EMA to begin review of ranitidine medicines after impurity found

The probable human carcinogen N-nitrosodimethylamine has been found in the heartburn and stomach ulcer medicine ranitidine.

Guido Rasi, executive director at the EMA

The European Medicines Agency (EMA) is to start a review of ranitidine medicines after tests revealed that some products contain the impurity N-nitrosodimethylamine (NDMA).

NDMA is classified as a probable human carcinogen, but is not thought to cause harm when ingested at very low levels.

In 2018, NDMA and similar compounds known as nitrosamines were found in several blood pressure medicines known as ‘sartans’, leading to recalls and an EU review which set strict new manufacturing requirements for these medicines. According to the EMA, the impurity has also been detected in a few batches of the type 2 diabetes mellitus medicines, pioglitazone.

Ranitidine medicines, which belong to a class of medicines known as histamine-2 blockers, are used widely to reduce the production of stomach acid in patients with conditions such as heartburn and stomach ulcers. They are available over-the-counter and on prescription.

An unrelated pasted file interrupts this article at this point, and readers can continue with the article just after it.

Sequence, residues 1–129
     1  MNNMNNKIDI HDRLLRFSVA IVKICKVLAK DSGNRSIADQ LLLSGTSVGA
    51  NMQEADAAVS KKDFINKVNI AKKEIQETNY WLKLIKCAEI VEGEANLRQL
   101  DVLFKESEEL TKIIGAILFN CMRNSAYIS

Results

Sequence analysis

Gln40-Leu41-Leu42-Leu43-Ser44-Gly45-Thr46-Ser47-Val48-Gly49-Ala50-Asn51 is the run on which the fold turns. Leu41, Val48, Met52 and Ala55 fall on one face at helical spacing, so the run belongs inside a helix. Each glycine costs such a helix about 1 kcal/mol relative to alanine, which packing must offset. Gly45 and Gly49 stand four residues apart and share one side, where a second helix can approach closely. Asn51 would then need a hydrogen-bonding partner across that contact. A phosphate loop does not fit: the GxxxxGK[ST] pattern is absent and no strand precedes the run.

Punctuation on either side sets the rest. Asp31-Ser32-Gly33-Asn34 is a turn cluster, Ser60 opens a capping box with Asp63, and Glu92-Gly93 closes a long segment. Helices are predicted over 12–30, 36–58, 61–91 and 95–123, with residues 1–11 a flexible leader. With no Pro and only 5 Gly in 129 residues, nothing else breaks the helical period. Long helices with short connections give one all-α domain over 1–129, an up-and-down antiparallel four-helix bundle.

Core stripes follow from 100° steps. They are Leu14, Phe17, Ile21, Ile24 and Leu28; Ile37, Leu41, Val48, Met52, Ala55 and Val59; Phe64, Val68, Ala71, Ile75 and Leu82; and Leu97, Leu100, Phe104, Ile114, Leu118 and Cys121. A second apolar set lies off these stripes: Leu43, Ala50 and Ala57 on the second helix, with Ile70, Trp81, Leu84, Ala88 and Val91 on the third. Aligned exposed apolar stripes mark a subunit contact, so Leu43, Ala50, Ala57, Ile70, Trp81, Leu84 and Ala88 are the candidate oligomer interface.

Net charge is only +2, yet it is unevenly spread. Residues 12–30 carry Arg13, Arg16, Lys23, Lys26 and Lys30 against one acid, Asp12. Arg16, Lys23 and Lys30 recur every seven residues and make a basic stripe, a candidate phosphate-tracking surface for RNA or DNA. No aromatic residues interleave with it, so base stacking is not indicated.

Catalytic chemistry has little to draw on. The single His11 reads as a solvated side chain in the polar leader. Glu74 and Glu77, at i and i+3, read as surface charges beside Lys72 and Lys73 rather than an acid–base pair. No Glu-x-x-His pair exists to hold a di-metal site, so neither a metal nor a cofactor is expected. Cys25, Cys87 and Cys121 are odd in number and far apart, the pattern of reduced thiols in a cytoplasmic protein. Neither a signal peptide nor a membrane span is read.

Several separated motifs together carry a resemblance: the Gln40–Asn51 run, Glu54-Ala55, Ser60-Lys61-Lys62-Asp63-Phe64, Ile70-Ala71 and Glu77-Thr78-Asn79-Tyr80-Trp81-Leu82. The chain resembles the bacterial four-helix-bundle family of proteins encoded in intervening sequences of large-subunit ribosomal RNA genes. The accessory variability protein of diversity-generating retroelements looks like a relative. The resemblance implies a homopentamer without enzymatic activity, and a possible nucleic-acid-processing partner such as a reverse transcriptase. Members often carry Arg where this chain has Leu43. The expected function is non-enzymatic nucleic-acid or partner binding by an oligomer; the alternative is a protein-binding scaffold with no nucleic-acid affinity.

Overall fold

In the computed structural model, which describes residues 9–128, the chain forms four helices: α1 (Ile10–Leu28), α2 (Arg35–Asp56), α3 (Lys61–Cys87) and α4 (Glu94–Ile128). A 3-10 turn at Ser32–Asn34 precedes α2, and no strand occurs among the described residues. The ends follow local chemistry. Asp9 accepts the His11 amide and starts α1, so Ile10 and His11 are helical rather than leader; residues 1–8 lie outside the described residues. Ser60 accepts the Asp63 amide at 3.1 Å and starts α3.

The EMA will be evaluating whether patients using ranitidine are at any risk and will provide information as soon as it is available.

The agency has also asked the Committee for Medicinal Products for Human Use to provide guidance for avoiding the presence of nitrosamine impurities in human medicines containing chemically synthesised active substances. The guidance will be directed at marketing authorisation holders, who will be expected to consider it alongside their knowledge of the manufacturing processes of their products.

The committee will also evaluate all available scientific knowledge on the presence of nitrosamines in medicines and advise regulatory authorities on actions to take if companies find nitrosamines in their medicines.

“We will continue to work with our partners to address the presence of nitrosamines and reassure patients about the quality of their medicines,” said Guido Rasi, executive director at the EMA.

“It is of paramount importance that we learn from our experience with sartans and take a proactive approach for other classes of medicines.”

A spokesperson for the Medicines and Healthcare products Regulatory Agency said it was aware of the EMA review, but not of any specific information that would indicate that there was any risk to patients and was not currently initiating any product recalls.

“We are monitoring the issue, [will] continue to liaise with our European counterparts and will take appropriate action if necessary,” they said.

Last updated
The Pharmaceutical Journal, PJ, October 2019, Vol 303, No 7930;303(7930):DOI:10.1211/PJ.2019.20207071

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